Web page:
January-February 2019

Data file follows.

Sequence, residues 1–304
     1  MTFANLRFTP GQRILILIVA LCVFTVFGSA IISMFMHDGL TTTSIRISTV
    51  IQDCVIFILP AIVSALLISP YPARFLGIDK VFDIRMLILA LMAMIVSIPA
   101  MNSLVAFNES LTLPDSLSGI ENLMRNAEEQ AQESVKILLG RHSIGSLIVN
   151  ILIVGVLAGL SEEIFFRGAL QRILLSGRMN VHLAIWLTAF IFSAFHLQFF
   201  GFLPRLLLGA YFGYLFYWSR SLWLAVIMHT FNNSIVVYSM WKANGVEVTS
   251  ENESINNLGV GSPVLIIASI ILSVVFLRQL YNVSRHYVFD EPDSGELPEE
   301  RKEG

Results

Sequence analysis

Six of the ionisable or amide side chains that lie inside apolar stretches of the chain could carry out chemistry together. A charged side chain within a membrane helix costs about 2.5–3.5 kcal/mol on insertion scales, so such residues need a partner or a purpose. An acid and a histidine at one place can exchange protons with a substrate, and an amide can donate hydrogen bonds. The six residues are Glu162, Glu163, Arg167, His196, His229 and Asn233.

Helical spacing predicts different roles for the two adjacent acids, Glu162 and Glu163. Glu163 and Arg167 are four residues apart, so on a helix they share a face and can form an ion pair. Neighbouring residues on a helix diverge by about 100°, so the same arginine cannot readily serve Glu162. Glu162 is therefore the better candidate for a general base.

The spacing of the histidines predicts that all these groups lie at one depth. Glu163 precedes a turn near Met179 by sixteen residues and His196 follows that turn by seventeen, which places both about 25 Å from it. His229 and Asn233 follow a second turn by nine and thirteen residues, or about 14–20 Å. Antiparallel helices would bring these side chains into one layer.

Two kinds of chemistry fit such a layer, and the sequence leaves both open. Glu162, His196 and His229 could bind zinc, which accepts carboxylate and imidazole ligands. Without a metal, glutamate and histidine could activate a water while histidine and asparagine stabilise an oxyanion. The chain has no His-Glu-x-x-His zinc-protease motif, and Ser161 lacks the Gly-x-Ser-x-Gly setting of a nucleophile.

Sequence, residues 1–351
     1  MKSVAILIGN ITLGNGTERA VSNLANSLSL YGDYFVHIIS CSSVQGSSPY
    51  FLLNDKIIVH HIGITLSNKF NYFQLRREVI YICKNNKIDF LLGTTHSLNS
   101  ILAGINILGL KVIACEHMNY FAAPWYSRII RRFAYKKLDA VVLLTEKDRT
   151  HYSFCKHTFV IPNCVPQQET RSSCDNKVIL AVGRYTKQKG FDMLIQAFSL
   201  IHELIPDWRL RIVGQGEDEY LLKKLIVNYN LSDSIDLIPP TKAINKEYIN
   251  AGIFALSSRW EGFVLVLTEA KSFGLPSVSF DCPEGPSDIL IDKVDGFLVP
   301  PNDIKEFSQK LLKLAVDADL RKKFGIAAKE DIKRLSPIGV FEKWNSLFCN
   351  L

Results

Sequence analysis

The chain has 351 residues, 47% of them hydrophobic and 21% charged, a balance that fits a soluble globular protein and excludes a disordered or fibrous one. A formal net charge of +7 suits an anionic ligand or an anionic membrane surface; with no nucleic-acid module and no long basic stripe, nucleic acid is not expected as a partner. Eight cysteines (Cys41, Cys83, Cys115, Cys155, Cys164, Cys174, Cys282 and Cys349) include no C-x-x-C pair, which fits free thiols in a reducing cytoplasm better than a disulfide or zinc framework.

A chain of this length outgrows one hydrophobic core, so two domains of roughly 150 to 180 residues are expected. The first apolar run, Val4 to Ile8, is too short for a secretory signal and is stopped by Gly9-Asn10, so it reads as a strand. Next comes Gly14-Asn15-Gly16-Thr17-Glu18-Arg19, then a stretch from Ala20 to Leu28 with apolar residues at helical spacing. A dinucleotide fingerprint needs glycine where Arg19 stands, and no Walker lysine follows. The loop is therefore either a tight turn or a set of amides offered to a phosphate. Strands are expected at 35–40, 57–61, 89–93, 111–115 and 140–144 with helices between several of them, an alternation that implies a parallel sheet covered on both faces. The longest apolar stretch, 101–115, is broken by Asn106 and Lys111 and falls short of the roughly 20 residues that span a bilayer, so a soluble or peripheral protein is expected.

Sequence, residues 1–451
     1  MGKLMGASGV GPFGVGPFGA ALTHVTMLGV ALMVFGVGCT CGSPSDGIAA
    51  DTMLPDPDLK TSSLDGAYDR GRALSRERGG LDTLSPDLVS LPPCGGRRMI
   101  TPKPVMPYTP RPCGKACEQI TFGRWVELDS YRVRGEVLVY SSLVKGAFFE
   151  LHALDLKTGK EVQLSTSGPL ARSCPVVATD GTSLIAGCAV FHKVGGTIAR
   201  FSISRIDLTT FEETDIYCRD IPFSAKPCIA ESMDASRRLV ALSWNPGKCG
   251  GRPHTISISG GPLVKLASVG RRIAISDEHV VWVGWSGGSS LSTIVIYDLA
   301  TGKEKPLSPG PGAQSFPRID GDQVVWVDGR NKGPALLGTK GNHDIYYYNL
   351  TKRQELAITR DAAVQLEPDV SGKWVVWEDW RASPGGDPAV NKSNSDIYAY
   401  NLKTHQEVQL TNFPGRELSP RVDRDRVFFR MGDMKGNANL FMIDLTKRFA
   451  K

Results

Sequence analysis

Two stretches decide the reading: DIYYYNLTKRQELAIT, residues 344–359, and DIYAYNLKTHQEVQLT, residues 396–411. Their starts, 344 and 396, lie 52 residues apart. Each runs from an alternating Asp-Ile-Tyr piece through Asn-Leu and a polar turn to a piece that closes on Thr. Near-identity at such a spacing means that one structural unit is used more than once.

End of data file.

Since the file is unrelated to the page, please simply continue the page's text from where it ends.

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34 PalletCentral • January-February 2019 uring the early stages of 2018, the U.S. wood pallet and container industry contended with tight supplies and firm to rising prices for softwood raw materials. However, availability subsequently improved, and prices retreated. Hardwood pallet cant and lumber availability was similarly tight through the summer and also improved briefly in the fall, but has steadily deteriorated since. This 2018 theme of general scarcity, brief early fall improve- ment, and significant tightening late in the year played out in almost every other industrial market for hardwoods. Railroad tie treating operations assertively pursued ties throughout the year in an effort to rebuild severely depleted inventories. However, consistently low hardwood log supplies and lumber production stymied rebuilding efforts. Consequently, many treating plants have fewer ties now than at the start of 2018. The board road/mat timber and upholstered furniture sectors also gained momentum in 2018. Energy industry construction and broader infrastructure projects kept board road and mat timber producers relatively busy. Meanwhile, a prolonged sheet stock shortage forced upholstered furniture factories to purchase more solid hardwood framestock. These circumstances further intensified competition for industrial hardwood materials in 2018 and early 2019. Production Falters As noted earlier, hardwood supply disruptions worsened toward the end of 2018, as an unprecedented slump in one key grade lumber market and extremely poor logging conditions forced sawmills to curb production. The China Factor In recent years, China emerged as the largest single market, by far, for U.S. hardwood grade lumber. In 2017, shipments to China surged to a record 1.019 billion board feet. That year, Chinese buyers purchased 54% of all hardwood lumber exported from the U.S. During Q1 2018, reports began to surface of slowing U.S. hardwood lumber consumption by certain Chinese secondary wood products manufacturers. Yet, overall Chinese demand was still trending up into the second quarter. In fact, U.S. exports of hardwood lumber to China set a one-month record of 98.2 million board feet (MMBF) in April. However, the magnitude and extent of the Chinese downturn became increasingly evident in the spring and summer. Exports to China declined for five consecutive months to just 49.2 MMBF in September. Importantly, the contraction in Chinese demand resulted primarily from weakness in certain sectors of the Chinese economy. U.S. threats of tariffs on imported Chinese lumber and wood products, and subsequent Chinese threats of retaliatory tariffs on imported U.S. hardwood lumber and logs exacerbated the slowdown, without question. But they did not cause it. The same is true of threats by the U.S. and China to raise tariffs as high as 25% on March 1, 2019 if the two countries do not reach a trade agreement. As exports to China faltered from May onward, U.S. exporters explored other markets only to find intense competition from other vendors doing the same. It quickly became clear that no other market or combination of markets would come close to absorbing the volume no longer being consumed in China. Amid these increasingly competitive market conditions, lumber prices retreated, especially for items dependent on Chinese business. D Hardwood Production Slows Weak Chinese Demand, Wet Weather Trigger Contraction By Hardwood Market Report MARKETS The wood pallet and container industry will seek out the lowest-cost raw material available. At present, softwood supplies and prices are trending in the industry's favor, and hardwoods are trending in the opposite direction.

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